By the time Trang was due to return to Vietnam in 2015, persecution of civil society and independent writers was intensifying. Vi and other friends met Trang at a friend’s backyard to urge Trang not to go. Trang, however, was firm in her decision. She would go back, even though she expected to be imprisoned, likely for a long time.   

“She told us that every country needs to have a generation that will give up everything for the future to be better,” Vi recounted to me with emotion when we met last month while she was in Washington to advocate for Trang on Capitol Hill and in the administration. Vi said she realized herself, “I want to be that generation, too.”   

When Trang landed at Ho Chi Minh City’s airport, she was detained for 15 hours. Over the next several years, she moved frequently, living in hiding to evade police. However, she suffered repeated police beatings, including when they broke her legs in 2015, Vi told me. Those injuries continue to plague her in prison. Police detained her in 2016 to prevent her from attending a meeting with President Barack Obama in Hanoi.  

Expecting to go to jail, she prepared a document with the heading: “Just in case I am imprisoned.”   

In it, she asked first that people take care of her elderly mother and defend her family from official harassment. Anticipating that authorities would attempt to discredit her, she stressed: “I will not admit guilt, confess, or beg for leniency; do not believe police if they say or indicate otherwise.” She would not renounce her books or views. And she wrote, “I will always assert that I want to abolish dictatorship in Vietnam.”   

Vietnam won’t prioritize U.S. over China 

The U.S. appears to believe historic enmity between Vietnam and China will lead Hanoi to cooperate in Washington’s strategic agenda for the Indo-Pacific.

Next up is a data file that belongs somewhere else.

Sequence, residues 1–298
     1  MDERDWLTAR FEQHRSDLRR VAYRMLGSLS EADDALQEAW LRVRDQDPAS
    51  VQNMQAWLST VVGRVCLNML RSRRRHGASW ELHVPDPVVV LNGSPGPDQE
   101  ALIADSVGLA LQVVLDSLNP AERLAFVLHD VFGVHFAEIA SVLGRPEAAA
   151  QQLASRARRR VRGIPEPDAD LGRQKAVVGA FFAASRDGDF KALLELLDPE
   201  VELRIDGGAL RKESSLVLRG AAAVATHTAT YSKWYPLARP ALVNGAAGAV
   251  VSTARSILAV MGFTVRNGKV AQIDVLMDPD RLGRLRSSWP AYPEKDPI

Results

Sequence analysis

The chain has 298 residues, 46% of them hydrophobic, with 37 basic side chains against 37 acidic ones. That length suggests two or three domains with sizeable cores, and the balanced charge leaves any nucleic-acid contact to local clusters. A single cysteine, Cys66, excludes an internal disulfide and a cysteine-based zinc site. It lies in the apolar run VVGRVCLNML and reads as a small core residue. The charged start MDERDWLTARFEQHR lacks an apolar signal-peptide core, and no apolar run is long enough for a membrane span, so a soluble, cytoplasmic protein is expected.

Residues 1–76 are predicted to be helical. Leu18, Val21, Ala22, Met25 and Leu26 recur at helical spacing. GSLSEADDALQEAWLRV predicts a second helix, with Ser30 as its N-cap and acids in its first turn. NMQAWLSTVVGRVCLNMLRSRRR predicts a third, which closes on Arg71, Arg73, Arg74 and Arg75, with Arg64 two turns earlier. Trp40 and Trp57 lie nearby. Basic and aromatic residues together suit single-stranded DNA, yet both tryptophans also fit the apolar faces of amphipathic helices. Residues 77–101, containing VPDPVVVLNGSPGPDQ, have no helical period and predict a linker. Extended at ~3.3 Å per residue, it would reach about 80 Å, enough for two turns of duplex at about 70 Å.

“We shouldn’t forget Vietnam’s socialist identity,” Zachary Abuza, Professor of National Security Strategy at the National War College told me. “The party-to-party channel between Vietnam and China is very strong.”   

Abuza is skeptical of the upgrade in ties and the belief among American officials that Washington can draw Hanoi toward the United States.  

“It’s true,” Abuza told me, “Vietnam faces a territorial threat from China – but Vietnam’s rulers don’t see China as an existential threat to their rule. They do see the U.S. as an existential threat. China has vested interests in the survival of Vietnam’s communist system.”   

American officials also hope Vietnam’s communist party leadership will act out of character in other ways, for example by abandoning its drive for total control in pursuit of objectives like combatting climate change. Vietnam is jailing environmental activists even as the United States and other G7 countries plan to provide $15.5 billion to fund climate change initiatives. Six have been imprisoned over the past two years. One of them, Ngo Thi To Nhien, a green energy expert with experience working for the World Bank, USAID and the United Nations, was arrested just days after President Biden’s visit.  

Trang’s urgent situation 

Trang is largely cut off from the outside world and has been moved to a more remote prison, making it difficult for lawyers and family to achieve even the limited access they are allowed, Vi told me. They have expressed concern about her mental state as well as her physical condition. Trang’s medical care in prison is inadequate. Her family’s request to pay for a private doctor to visit the prison has been refused. 

Trang has frequently expressed her desire to remain in Vietnam, rather than go into exile. In the letter she wrote before her arrest, Trang said she doesn’t want to be “a pawn for the government to trade.” When they deport a political prisoner, Vietnam’s rulers “gain trade deals, neutralize a rallying symbol for the people, and falsely appear to respect human rights, which hedges calls for political reform.” Instead, she wants efforts to free her to be coupled with systemic change, such as steps toward free elections.  

Nevertheless, Vi believes Trang might consider going abroad to alleviate her mother’s stress and anxiety. That should be Trang’s choice to make. 

The Biden Administration may hope that by stressing a new strategic relationship with Hanoi, it will get both cooperation against China and achieve progress on human rights and political prisoner releases. It may well end up with neither.